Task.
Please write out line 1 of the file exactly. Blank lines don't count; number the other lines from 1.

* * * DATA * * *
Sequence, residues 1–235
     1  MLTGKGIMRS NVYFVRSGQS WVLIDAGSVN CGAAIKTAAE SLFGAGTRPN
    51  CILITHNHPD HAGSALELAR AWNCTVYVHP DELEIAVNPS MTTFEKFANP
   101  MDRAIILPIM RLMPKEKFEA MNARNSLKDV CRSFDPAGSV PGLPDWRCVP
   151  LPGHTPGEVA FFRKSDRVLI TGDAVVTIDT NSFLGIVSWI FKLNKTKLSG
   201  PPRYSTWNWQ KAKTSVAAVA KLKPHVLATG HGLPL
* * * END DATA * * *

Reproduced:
Sequence, residues 1–235